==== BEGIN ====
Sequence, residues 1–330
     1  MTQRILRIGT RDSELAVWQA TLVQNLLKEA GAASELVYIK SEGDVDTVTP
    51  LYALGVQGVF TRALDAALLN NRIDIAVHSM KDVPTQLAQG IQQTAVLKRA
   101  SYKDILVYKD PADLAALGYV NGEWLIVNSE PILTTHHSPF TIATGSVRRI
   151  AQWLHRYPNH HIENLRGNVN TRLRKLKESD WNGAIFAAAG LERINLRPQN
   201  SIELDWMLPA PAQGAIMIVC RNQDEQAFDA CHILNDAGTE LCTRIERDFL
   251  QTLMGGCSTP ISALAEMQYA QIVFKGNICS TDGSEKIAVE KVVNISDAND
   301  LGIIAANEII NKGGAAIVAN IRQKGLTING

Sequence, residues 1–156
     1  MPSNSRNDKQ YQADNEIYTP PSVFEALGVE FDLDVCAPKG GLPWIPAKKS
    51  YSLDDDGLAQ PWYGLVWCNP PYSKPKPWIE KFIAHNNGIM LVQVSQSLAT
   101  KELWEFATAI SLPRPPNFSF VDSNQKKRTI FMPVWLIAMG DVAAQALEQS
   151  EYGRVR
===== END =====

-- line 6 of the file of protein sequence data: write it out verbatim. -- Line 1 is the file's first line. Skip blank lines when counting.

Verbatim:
   201  SIELDWMLPA PAQGAIMIVC RNQDEQAFDA CHILNDAGTE LCTRIERDFL